Late incidents have drivers fuming at Kurt Busch

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By their design, NASCAR’s green-white-checkered finishes create frenzied dashes that carry an “every driver for themselves” feel. Kurt Busch seemed to follow that spirit in last night’s conclusion to the Toyota Owners 400 at Richmond International Raceway, but in doing so, he drew the ire of some of his rivals.

The most notable of which was Tony Stewart, who had been pushed up the track by Busch and let him know of his displeasure by running up against the side of his car after the race. The two continued their argument verbally in the hauler area.

In addition, Busch was tagged from behind by pole sitter Matt Kenseth, who afterwards said that Busch “knocked [his] whole side off” on the final restart. Busch would retaliate for Kenseth’s earlier contact by damaging the back bumper of the latter’s machine.

Busch defended his decisions in the G-W-C period, citing the “free-for-all” nature of the finish.

“Green-white-checkered — everybody is going to put on tires,” he said. “Some guys are going to do two. Some guys stayed out. And it’s just a free for all. There is rubber build-up in the outside groove. There are cars sliding up with old tires. So, I don’t know what the No. 14 [Stewart] was upset about.

“I got hit from behind. I got hit every which way. So did he. Kenseth moved us up out of the way at the end, so that’s why I was upset with him…We got a top 10. But the biggest thing here is ten laps ago, this car didn’t have a scratch on it, and now it’s destroyed.”

A third driver was also unhappy with Busch. Martin Truex Jr. was running second when he was spun out on Lap 347 thanks to contact with the former Sprint Cup champion. Truex wound up 17th in the end.

“I ran him hard, I ran him tight, but I gave him plenty of room,” he said. “He didn’t need to do that. He was driving in over his head trying to get a win, I guess.”

Daniel Ricciardo to decide soon about moving from Red Bull to another F1 team

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LE CASTELLET, France (AP) Daniel Ricciardo says over the next six weeks he wants to decide between staying at Red Bull or joining another Formula One team for next year.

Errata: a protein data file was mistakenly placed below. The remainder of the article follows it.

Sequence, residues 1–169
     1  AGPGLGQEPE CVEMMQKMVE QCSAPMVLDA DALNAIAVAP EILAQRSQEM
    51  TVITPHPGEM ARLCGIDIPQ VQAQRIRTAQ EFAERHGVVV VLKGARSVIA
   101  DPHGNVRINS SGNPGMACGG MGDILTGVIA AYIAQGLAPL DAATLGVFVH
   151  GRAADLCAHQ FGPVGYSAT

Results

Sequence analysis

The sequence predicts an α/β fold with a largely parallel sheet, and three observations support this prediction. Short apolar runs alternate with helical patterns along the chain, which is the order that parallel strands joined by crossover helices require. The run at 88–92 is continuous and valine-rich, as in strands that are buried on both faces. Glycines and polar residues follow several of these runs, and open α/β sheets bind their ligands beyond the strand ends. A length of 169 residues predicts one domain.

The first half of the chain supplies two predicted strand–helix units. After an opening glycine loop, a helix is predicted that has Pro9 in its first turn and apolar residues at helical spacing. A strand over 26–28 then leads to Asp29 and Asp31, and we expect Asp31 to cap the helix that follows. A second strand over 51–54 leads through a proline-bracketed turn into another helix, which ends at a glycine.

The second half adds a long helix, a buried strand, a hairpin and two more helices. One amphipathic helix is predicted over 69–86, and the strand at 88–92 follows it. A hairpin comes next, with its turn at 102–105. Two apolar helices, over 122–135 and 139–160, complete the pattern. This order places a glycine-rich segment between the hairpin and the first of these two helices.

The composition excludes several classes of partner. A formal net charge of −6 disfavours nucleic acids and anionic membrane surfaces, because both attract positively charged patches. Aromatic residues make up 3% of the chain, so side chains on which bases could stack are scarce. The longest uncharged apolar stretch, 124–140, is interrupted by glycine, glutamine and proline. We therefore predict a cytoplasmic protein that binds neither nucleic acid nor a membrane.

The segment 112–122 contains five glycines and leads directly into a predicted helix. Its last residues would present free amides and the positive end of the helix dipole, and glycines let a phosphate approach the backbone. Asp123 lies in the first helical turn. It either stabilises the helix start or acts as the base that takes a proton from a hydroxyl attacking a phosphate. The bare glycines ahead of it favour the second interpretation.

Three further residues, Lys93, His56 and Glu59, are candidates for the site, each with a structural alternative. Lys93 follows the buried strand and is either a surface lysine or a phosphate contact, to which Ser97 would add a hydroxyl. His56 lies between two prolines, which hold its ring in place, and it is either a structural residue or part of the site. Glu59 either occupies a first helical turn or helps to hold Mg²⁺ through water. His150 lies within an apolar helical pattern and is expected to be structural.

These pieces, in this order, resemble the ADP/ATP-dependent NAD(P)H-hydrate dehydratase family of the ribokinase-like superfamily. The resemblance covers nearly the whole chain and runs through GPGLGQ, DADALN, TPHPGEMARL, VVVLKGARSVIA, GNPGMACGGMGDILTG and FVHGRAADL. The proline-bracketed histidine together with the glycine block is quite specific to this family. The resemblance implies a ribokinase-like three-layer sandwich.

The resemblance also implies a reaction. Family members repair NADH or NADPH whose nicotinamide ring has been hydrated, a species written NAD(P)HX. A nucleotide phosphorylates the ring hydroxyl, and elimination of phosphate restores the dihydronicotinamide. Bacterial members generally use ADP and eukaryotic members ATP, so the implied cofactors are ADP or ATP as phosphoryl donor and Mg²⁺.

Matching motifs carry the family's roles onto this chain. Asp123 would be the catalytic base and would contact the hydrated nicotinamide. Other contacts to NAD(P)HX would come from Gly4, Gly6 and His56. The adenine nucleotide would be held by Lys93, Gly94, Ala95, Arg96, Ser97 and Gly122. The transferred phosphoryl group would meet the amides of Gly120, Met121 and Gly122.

Ricciardo said on Thursday at the French Grand Prix, “It would be nice to go on the summer break knowing what I am doing.”

F1 is working its way toward its three-week break in August with speculation mounting that Mercedes, Ferrari, and McLaren are interested in luring Ricciardo away from Red Bull for 2019.

“I will be honest, everyone is talking about Mercedes and Ferrari as potential places for me to go, and I am aware that there will be interest from other teams,” he said.

The Australian driver has won seven races in his four-plus seasons with Red Bull. He is fourth in the standings behind leader Sebastian Vettel heading into the race at the Paul Ricard Circuit near Marseille.

Ricciardo’s stock has risen in recent months after his victories in Shanghai and Monaco. His Monaco win was particularly impressive because Ricciardo had to deploy some masterful defensive driving to protect his lead after losing an estimated 25 percent of his engine power.

Ricciardo said he had not directly spoken to rivals Ferrari and Mercedes, but he hedged when asked if his manager had.

“People talk, have coffees, I will leave that one open-ended,” he said with a laugh.

Ricciardo called the decision on whether to go or stay with Red Bull the biggest choice of his career following his decision to leave his native Australia and continue his racing career in Europe over a decade ago.

“For sure the priority is to get a car to win the world title because I really believe I can,” he said. “I am slightly careful because it is easy to think the grass is greener and maybe it is, but I also have it pretty good where I am.

“People do like a change but just to make change for the sake of making a change is not enough for me. I need to find some substance behind it to jump ship.”

Red Bull announced recently it would be ending its 12-year partnership with engine-maker Renault and switching to Honda motors for next year.

Ricciardo was hesitant to endorse or criticize the change, saying he was going to “try to keep putting the pieces together if it is a good move.”

But with the question of the engine manufacturer out of the way, Ricciardo said Red Bull would likely be looking to resolve its drivers’ lineup for next year.

“I haven’t been pushed yet, but I would say that there will be some movement in the next week,” he said. “Whether that is something that gets put down on paper (or not), for sure the discussions will start to ramp up in the next few days.”